Autofun Philippines – The redesigned HR-V runs on the same platform as the Civic, making it significantly larger than the older generation. Curiously, the extra width results from Honda Philippines in less rear legroom, although front row occupants get a slight increase. Space aside, the cabin is a nicer place to live, with nicer materials and finishes. The Magic Seat rear seats that can be folded in different ways to accommodate bulky items are gone and were a hallmark of the old HR-V.
Unfortunately, the HR-V’s dynamic driving and poor performance have remained largely unchanged, making the new model less enjoyable to drive than the old model. Fuel economy is also affected. Under the hood is a new 158hp, 2.0-liter four-cylinder that delivers a slight boost in power but not much excitement. Paired with a continuously variable automatic transmission, acceleration is sluggish and responsive on arrival.
- Improvements below
The HR-V features a new fully independent rear suspension, making it one of the most powerful small SUVs available. The ride is quiet and bumps are well absorbed. Other upgrades below include a new snow mode for AWD models, as well as standard downhill control for easier navigation on ramps.
- Upgraded accommodation
Inside, the cabin has a more upscale look and feel with more cushioned surfaces, upgraded materials, and a clean, modern design. The upgraded tools and controls are welcome and include a return to physical buttons and buttons for the climate and audio functions. The center console has a handy compartment that opens to the sides and includes a USB port, making it an easy place to keep devices powered up and away.
- Better Infotainment
Base LX versions now come with Android Auto and Apple CarPlay as standard, and a larger 7-inch touchscreen. Top EX-L variants like our test car have a 9-inch touchscreen with Android Auto and wireless Apple CarPlay. We found the system to be mounted high on the dashboard, very easy to use and responsive, making it one of the best in its class.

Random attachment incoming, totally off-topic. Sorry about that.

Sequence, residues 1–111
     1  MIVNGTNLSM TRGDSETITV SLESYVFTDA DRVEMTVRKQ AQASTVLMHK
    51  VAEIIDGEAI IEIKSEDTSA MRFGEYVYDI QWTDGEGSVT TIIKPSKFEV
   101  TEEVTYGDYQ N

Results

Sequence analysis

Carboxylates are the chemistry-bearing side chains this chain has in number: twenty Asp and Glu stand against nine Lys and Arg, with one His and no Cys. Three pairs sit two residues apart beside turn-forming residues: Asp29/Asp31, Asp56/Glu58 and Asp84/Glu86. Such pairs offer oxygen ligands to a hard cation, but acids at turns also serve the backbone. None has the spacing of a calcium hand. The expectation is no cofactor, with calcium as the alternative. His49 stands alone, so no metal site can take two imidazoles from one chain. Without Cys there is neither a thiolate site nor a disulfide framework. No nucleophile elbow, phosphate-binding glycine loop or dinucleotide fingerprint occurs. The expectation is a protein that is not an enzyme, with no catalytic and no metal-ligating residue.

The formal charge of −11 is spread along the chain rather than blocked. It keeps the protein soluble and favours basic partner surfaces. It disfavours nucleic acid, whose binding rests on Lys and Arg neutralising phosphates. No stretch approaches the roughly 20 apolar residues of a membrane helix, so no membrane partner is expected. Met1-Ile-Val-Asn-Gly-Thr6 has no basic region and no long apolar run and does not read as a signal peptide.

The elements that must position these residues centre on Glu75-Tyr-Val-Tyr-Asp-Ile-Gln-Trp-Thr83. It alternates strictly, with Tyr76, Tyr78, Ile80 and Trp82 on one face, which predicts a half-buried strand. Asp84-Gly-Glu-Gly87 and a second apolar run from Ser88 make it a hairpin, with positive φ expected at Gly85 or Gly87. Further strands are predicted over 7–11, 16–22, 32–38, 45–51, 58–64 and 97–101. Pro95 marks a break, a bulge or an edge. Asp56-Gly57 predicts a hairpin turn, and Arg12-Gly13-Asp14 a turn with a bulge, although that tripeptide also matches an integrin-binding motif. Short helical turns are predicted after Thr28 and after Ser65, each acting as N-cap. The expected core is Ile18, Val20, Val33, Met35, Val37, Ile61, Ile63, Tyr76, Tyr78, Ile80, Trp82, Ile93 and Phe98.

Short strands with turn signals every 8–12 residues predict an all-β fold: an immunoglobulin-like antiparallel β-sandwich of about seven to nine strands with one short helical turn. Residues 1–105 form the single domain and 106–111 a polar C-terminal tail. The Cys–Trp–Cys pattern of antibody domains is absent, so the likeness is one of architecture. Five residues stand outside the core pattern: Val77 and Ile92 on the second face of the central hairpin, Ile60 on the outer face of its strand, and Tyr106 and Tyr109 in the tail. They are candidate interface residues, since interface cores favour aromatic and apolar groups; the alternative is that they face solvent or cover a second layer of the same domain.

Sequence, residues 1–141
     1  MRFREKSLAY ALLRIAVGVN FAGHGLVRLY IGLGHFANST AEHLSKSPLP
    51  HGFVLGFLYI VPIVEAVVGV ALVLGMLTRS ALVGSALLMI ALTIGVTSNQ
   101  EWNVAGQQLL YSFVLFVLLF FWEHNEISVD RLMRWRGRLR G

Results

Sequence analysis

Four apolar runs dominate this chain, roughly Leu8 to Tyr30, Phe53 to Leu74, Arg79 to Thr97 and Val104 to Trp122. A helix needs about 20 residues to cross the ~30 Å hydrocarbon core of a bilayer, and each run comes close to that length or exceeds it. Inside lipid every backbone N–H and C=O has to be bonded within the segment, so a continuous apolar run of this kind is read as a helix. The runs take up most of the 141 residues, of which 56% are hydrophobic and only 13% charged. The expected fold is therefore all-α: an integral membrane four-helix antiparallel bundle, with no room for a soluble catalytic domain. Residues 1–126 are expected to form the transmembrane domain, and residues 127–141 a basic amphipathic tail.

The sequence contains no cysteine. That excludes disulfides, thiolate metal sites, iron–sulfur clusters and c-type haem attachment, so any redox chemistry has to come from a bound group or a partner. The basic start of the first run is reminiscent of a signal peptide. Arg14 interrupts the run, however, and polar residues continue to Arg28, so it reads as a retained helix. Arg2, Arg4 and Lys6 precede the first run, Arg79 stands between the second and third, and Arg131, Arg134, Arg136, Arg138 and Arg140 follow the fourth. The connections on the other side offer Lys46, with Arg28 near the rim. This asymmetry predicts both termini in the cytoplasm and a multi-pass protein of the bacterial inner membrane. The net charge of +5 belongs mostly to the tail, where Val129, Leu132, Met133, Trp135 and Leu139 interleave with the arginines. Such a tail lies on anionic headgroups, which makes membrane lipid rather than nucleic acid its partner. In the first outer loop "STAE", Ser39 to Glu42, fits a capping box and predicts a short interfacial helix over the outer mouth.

- Additional Security Features
The Honda Sensing suite of active safety features is now standard, even on the base trim, and new features include a wide-angle front-facing camera, traffic jam assist, and traffic sign recognition. You also get forward collision warning with pedestrian detection and automatic emergency braking, lane departure mitigation, adaptive cruise control, lane departure warning and lane departure assist. .
- Slow drive system
Despite the larger engine and significant power boost for 2023, the HR-V still feels sluggish throughout its power range. Moving from a stop is slow, and overtaking maneuvers require foresight and planning.
Unfortunately, the disappointing engine and transmission don’t help increase fuel economy. In fact, the new HR-V travels less distance than the old one:
Front-wheel drive models are rated by the EPA at 28 mpg combined, while all-wheel drive versions drop to 27 mpg. Both are 2mpg down from the upcoming HR-V.
- The magic is gone
HR-V fans will be sorry to hear that the Magic Seat back row is gone, a unique feature that folds the seats up or down to accommodate different types of cargo. In its place is a regular seat with a backrest that folds down, eliminating one of the HR-V’s most distinctive attributes.
- Loss of room
Despite the 9.4-inch increase in overall length, rear passengers will notice slightly less headroom and legroom than the old HR-V. There’s still plenty of room for adults and the redesigned seats are comfortable and accommodating. The HR-V also scored well in our car seat test linked above thanks to ample space for two child seats and easy-access keychains.
- Higher price
The entry price for the HR-V is currently among the highest in its class, with the base LX FWD starting at $24,895 (price includes destination). The best EX-L starts at $28,695, and AWD adds $1,500 for any variant. That equates to an increase of $780 to over $2,000 over the old HR-V, depending on make and configuration.